So, a number of times in the book of Luke Jesus has predicted his death and when he has done so sometimes he has also connected it to the life of his disciples, those of us who want to follow Jesus. Listen to Luke 9:22-24.
“The Son of Man must suffer many things and be rejected by the elders and chief priests and scribes, and be killed, and on the third day be raised.”
23 And he said to all, “If anyone would come after me, let him deny himself and take up his cross daily and follow me. 24 For whoever would save his life will lose it, but whoever loses his life for my sake will save it.
So we just last week read about Jesus celebrating the Passover meal with his disciples and how he took this mean that remembered how a perfect spotless lamb would die in the place of others so that the people of God might receive the salvation of God and Jesus said I’m giving you a better story but the one who is going to have their body broken and blood shed is me!!!
And then you know what? You know what come nexts? We read this: 24 A dispute also arose among them, as to which of them was to be regarded as the greatest.
If there is something that should commend to your serious consideration the truth of the Gospels and actually of the whole Bible is that it never paints a very rosy picture of the very peopel that wrote it!! But here is the thing, the disciples were taken over by the very same things that plague us! The disciples were in love and desired much of the same things that we are in love with and we desire. Power. Status. People looking up to us. Who is better than who. Who thinks better. Who does better. Who votes better. Status. Power. Prestige. Who’s the greatest?!
And really, think about this, what is all of the abuse about in the church? It is so often about one person taking advantage of a power dynamic to the determent of another. What is all of the fuss about on the Preachers-m-sneakers Instagram account? It is about pastors using their position not flaunt their wealth!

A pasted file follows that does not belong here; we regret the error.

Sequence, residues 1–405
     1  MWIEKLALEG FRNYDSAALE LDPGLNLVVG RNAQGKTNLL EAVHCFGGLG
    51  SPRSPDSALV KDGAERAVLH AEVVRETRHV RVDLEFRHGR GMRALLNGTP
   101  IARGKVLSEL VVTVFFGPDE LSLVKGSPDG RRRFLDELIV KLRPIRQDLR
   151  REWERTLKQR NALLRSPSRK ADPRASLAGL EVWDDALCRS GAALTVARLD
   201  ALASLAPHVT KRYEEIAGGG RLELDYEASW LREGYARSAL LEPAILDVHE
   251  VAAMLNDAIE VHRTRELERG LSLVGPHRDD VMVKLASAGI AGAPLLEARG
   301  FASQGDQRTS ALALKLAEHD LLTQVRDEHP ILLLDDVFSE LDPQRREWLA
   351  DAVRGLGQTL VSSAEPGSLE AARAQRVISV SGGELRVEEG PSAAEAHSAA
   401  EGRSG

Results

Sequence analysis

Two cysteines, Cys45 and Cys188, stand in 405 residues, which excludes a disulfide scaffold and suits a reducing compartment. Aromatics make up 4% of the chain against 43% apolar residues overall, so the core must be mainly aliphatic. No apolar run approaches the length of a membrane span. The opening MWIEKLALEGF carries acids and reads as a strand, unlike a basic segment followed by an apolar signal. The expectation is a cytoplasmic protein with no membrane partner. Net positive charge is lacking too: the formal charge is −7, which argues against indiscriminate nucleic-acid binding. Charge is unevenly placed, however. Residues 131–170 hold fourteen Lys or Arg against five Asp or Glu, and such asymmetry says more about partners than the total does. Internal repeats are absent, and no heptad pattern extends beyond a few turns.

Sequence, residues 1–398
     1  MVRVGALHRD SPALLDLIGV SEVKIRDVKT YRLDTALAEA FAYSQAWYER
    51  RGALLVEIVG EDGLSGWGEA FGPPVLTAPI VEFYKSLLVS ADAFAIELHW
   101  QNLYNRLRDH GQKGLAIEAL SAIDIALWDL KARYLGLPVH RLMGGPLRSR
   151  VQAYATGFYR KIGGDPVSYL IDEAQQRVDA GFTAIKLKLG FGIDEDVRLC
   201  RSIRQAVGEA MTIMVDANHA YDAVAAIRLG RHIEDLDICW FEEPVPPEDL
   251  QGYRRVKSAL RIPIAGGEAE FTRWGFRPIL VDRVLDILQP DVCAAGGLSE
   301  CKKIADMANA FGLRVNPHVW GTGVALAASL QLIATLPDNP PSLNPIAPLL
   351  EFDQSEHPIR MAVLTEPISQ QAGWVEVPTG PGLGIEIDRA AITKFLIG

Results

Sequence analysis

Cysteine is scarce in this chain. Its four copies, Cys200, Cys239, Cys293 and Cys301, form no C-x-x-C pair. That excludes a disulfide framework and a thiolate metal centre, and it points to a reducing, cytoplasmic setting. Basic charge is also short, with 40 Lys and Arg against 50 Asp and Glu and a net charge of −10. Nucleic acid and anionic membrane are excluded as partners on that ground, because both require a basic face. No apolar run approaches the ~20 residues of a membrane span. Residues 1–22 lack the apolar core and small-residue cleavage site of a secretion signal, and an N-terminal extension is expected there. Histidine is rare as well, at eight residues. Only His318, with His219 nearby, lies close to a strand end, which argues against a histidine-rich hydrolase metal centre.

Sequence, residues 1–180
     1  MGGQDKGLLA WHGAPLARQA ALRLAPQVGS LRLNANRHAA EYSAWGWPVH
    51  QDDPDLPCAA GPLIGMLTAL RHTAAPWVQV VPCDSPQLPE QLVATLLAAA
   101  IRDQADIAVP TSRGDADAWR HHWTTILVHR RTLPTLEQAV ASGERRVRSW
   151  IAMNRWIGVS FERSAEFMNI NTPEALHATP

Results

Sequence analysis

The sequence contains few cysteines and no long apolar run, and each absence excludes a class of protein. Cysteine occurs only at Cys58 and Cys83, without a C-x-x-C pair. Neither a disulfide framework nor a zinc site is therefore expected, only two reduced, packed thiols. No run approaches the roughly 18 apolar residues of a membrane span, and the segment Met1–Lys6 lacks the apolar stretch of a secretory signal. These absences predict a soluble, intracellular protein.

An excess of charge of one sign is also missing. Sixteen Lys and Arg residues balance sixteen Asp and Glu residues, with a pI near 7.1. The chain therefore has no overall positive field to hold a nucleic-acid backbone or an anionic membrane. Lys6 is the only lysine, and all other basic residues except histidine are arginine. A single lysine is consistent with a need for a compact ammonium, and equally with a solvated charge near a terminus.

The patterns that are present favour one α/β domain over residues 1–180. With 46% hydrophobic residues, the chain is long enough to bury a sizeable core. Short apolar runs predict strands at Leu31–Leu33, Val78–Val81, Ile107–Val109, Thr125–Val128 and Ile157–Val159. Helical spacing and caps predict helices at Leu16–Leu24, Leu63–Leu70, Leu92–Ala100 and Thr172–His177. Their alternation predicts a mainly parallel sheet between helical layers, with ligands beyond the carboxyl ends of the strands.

Jesus says that your idea of success in the Kingdom of God is going to have to be an upside-down success. It is not true, Jesus is saying, that he who dies with the most toys wins or he who dies with the biggest bank account wins or who who dies with the most followers on X (formally known as twitter) wins, but rather it is he who dies to himself and lives for others wins. Or, as one of Bruce Weatherly’s old bumper stickers said, “He who dies the most before he dies wins.”
Or, as Jesus tells us here in verse 26, “let the greatest among you become as the youngest, and the leader as one who serves.”
Now, Jesus does tell us in this first little passage that they will receive the Kingdom and in fact, he says they will be those who judge the twelve tribes. And, this gets into some theological nuances, but if you were a Jewish person to be a judge meant more to lead and the twelve tribes was a phrase for the people of God. There were twelve disciples just like their were twelve tribes because Jesus was reformed the people of God around him and his work, just like he reshaped the Passover around his death and the salvation that came through it. So, yes, their will judge the tribes, but that means they will lead the church and how they lead the church was by dying to themselves and living for others. In fact, though some of the accounts are not absolutely certain, nearly all of the disciples died a martyrs death.
So Jesus is teaching us what it will be like to follow him and he says it will mean an upside-down view of success.
Let me read again this whole second section of our passage from Luke:
31 “Simon, Simon, behold, Satan demanded to have you, that he might sift you like wheat, 32 but I have prayed for you that your faith may not fail. And when you have turned again, strengthen your brothers.” 33 Peter said to him, “Lord, I am ready to go with you both to prison and to death.” 34 Jesus said, “I tell you, Peter, the rooster will not crow this day, until you deny three times that you know me.”
Here’s the fact, living by faith in someone you cannot see of touch or hear is very very difficult. The Christian is not an easy wide road. It is not. It is not easy to live an hour or a day or a week or a month or a year or certainly a lifetime given over to only following Jesus. The fact is that most of us vastly overestimate ourselves and our faith, just like Peter here. And just like Peter’s story that Jesus foretells here, we often have to learn the very hard way and we need to be restored just like Peter.
If you read through the gospels what you learn is that Peter was one of Jesus close friends. He clearly loved Jesus. He confessed Jesus. In John 6 he says, “Lord, where should we go, you alone have the words of eternal life.” And elsewhere he says, “Lord, depart from me, I’m a sinful man.” I mean, it may be tempting to throw under the bus when he denies Jesus three times before the rooster crows, but Jesus tells just that we should expect a faltering faith. Faith is hard. Following Jesus is not easy. And there will be times and I have no doubt that most of you have had these times where you have no confessed him and have not lived for him. And I have no doubt that each one of us needs to come and to hear again our Lord’s forgiving words to us.